On the day Tallon pulled the trigger, he bid Booth adieu by saying, “We hope David can re-kindle his career.”
Did he or didn’t he, Dennis? The world is hanging onto your every word.
On to Alexandre Burrows,
Or not. I guess we don’t care about David Booth’s career.
one of those skilled chirpers, the guy you love when he’s on your side and despise when he speeds down the ice and gets 28-35 goals over the past four seasons. A study in never giving up on your dream, Burrows was an undrafted free agent who took the circuitous route that started with three years hard labor in the ECHL to a game winning goal in Game 7 of Round 1 of the 2011 Playoffs that saved the Canucks from the infamy of being only the fourth team in NHL playoff history to blow a 3-0 lead.
That’s very clunky, but it works.
When the series’ first goal hit the back of the net less than five minutes and the owner was Burrows, the Vancouver faithful had visions of another production, instigating long playoff run in their heads.
What? No, that’s stupid.
The Kings had other ideas as they rallied and overtook the Canucks in the final stanza and as the first chapter of the story came to a close, LA’s Mike Richards made a play that encapsulated what was to come for the Canucks over the next ten days.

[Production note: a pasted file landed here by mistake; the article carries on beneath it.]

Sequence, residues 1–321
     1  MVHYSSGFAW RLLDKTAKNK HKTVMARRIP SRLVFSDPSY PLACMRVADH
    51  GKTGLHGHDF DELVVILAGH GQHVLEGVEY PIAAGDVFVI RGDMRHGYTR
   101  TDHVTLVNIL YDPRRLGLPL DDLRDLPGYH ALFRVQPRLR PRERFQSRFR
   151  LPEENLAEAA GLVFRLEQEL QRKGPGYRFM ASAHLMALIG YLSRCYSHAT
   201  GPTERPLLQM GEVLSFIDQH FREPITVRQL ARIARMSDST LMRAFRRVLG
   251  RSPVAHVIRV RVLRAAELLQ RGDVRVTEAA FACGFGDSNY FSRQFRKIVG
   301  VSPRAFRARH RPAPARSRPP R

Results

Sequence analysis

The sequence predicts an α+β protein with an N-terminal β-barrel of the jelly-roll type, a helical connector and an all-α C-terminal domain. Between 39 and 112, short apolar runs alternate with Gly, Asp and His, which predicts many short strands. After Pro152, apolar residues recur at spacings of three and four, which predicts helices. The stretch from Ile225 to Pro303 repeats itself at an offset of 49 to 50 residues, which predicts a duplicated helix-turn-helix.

I can forgive bad writing if the writer thinks well. I can’t stand the prose of George RR Martin or Stieg Larsson’s translator, but I kept reading those book series because the stories were compelling. This is just bad writing, and bad thinking. This is hockey writing’s equivalent to the film Daredevil.
Richards spied Burrows at Vancouver’s blue line and crushed him into oblivion for the balance of the series; he never recorded another point and recorded only two shots in the final two games.
Also, at the conclusion of Game 1, Burrows taunted Richards with snowflakes on his stick-blade, referencing possible cocaine usage. This knocked Richards off his game so much so that he never recorded another point and recorded only three shots in the final two games.